Albeit simple by modern standards, the Active Yaw Control (AYC) system employs sensors and an electronic brain that work together to redistribute the available torque to whichever of the four wheels needs it the most. Easy-peasy.

1998 Mitsubishi Lancer Evolution V (CP9A)

The successor of the fourth is a more gung-ho affair as far as exterior design is concerned. Check out those flared wheel arches that hide the wider front and rear tracks! Better still, the rear wing of the EVO V is adjustable. This fact will certainly impress the ladies on a first date… or not. No, definitely not, sorry folks!

As for the interior, the Lancer Evolution V is equipped with Recaro seats. Once you peel off the skin, you’ll notice subtle improvements such as a master cylinder bore increased by 0.3 mm (0.01 inches), a strengthened engine with bigger injectors (560 cc instead of 510 cc), and more boost pressure for the turbo.

Compared to the 330 Nm (243 lb-ft) of torque developed at 4,000 rpm by the EVO IV, the fifth Lancer Evolution upped the ante to 373 Nm (275 lb-ft) at 3,000 rpm. This makes up for a striking difference in off-the-line and in-gear acceleration.

1999 Mitsubishi Lancer Evolution VI (CP9A)

Ah, the sixth Lancer Evolution in Tommi Makinen Edition flavor. Oh, how I miss the 1990s. Daydreaming aside, the EVO VI wasn’t all that different from its predecessor apart from the improved cooling and durability of the 4G63T engine.

To do that, Mitsubishi engineers equipped the EVO VI with a larger oil cooler and intercooler, bestowed new pistons upon the engine, and the list goes on and on and on. The RS, however, prides itself on a titanium-aluminide turbine wheel.

For those who wanted the go-faster credentials of the RS but with the creature comforts of the GSR, the Lancer Evolution VI is also available in RS2 flavor. Other than the added well-being, the RS2 is the first EVO model to be equipped with ABS brakes, a safety feature that became the standard in Europe in 2004.

2001 Mitsubishi Lancer Evolution VII (CT9A)

Because it is based on the Lancer Cedia platform, the EVO VII has grown a bit over its predecessor. When equipped with all the bells and whistles available in the options list, the EVO VII can surpass the 1,400-kilogram (3,086-pound) mark.

Despite the gain in weight, the EVO VII made up for this handicap with some chassis tweaks, the most important being the active center differential, better rear limited-slip diff, and the front helical limited-slip differential. Power went up as well.

Taken together, the active center differential and Active Yaw Control system improved the turn-in of the EVO VII. Other than the sharp steering, the focal points of the Lancer Evolution VII allow for arse-out action with little effort from the driver.

2003 Mitsubishi Lancer Evolution VIII (CT9A)

For the eighth installment of the rally-bred franchise, Mitsubishi enhanced the handling with Super Active Yaw Control. Another first for the Evolution genre came in the form of a 6-speed manual. Except for weight, more is always better, alright?

In the case of the FQ 400, sold in the United Kingdom through Ralliart, there’s a bit of a witticism surrounding the FQ acronym. The word that starts with F stands for the best fun one can have while naked. Q, on the other hand, stands for quick.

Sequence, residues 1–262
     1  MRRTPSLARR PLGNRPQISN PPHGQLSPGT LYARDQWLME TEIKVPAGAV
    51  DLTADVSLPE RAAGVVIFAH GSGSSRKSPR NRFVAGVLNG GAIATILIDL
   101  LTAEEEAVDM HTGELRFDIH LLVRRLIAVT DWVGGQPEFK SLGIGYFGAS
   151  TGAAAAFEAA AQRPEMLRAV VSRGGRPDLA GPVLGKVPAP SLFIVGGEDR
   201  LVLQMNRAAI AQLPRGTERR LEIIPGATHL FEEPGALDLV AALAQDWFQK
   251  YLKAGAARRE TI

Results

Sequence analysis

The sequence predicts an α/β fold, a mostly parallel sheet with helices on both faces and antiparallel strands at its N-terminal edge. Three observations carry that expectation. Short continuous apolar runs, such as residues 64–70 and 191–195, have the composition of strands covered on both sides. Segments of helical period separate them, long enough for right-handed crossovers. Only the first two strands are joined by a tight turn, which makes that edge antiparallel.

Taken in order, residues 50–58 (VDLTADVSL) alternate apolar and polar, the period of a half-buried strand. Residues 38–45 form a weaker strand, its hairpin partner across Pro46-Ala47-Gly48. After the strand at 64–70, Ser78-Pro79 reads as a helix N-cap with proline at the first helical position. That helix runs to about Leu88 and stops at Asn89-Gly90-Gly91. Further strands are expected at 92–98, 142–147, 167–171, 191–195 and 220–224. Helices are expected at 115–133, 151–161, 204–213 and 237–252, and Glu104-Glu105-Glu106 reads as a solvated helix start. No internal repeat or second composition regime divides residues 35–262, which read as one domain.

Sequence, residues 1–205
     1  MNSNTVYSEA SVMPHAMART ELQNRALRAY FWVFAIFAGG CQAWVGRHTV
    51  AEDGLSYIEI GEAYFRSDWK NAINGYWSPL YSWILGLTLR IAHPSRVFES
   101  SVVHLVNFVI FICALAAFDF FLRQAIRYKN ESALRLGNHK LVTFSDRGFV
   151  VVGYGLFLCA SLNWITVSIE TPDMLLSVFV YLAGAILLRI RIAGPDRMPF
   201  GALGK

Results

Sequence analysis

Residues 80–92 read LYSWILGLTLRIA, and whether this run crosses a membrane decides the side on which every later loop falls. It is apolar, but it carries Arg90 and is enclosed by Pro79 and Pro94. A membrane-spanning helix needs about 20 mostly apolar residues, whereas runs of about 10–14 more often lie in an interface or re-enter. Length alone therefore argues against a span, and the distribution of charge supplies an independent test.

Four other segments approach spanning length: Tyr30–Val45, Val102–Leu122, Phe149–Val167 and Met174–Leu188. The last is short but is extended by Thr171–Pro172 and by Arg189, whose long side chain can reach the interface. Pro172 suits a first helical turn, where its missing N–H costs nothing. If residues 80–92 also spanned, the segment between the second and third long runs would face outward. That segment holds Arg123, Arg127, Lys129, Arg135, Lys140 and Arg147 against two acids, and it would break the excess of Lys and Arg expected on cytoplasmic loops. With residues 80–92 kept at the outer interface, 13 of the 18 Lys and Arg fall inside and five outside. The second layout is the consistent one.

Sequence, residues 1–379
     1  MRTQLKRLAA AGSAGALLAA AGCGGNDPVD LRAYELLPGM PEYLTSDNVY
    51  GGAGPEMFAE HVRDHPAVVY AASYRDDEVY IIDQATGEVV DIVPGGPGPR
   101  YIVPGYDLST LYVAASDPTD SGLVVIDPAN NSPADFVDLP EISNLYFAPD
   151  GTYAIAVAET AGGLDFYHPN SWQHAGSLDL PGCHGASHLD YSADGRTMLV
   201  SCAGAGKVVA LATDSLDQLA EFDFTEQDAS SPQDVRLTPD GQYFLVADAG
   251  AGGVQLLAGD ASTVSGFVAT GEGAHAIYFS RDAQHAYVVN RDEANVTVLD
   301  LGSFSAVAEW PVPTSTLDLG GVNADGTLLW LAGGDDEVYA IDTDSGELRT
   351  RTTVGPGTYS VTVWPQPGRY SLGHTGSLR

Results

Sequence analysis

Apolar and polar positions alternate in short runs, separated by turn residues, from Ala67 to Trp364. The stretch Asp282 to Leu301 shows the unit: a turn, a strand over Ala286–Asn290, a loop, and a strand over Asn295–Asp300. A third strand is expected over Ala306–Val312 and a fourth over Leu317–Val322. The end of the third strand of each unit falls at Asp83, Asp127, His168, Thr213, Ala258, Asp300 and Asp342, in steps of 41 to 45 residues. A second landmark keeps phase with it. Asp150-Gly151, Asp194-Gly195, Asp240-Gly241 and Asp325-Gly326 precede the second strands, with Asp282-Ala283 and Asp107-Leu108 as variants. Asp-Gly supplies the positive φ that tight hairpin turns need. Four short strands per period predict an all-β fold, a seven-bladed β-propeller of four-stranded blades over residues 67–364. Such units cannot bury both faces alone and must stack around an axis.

And yes, finally, the Lancer Evolution would feel North American soil under its rubber shoes with the EVO VIII. The bad news regarding the U.S.-spec EVO VIII is that it was initially available with a 5-speed and didn’t come with active yaw control.

2005 Mitsubishi Lancer Evolution IX (CT9A / CT9W)

A slightly updated EVO VIII? It’s OK to call the EVO IX as such, but then again, you’d be proven wrong by the enhancements brought by Mitsubishi. Oh, there’s another thing about the Lancer Evolution IX you shouldn’t take for granted: this is the first EVO to be offered as a wagon. Yes, a fan-bleedin’-tastic longroof!

The Japanese automaker built 2,500 pieces of the darn thing and sold them all in Japan. As you can see in two pics featured in the gallery below, the EVO IX station wagon uses the rear end of the Lancer Sportback grafted onto the sedan.

Even though active yaw control was nowhere to be found and it weighed considerably more than the regular EVO IX, the Mitsubishi Lancer Evolution IX wagon could carry a canoe on its roof and harass supercars at the same time. Best family car ever? No, but it’s up there in the top 10 coolest family cars ever.

2007 Mitsubishi Lancer Evolution X (CZ4A)

Oh boy, where do I start with the tenth iteration of the Lancer Evolution? For starters, it appears like it tries too hard to look like an EVO. Secondly, this is the first EVO to ditch the 4G63T for the all-aluminum GEMA 4B11T four-pot.

Another thing that made the Evolution X a bit of a downer with the EVO crowd is the fact that it can weigh as much as 1,600 kilograms (3,527 pounds). In colloquial terms, the Mitsubishi Lancer Evolution turned into a bit of a porker compared to the 1,170 kilograms (2,579 pounds) of the first EVO in RS form.

When all is said and done, the most disappointing thing about the EVO X is that Mitsubishi sent it off with a Final Edition that churns out 303 horsepower, up from 291. The Brits have been luckier than the rest of the world because they’ve got the FQ-440 MR, a special edition that’s packing 450 PS (444 horsepower).

Whatever the future holds, one thing is for certain: the EVO will forever live in our hearts.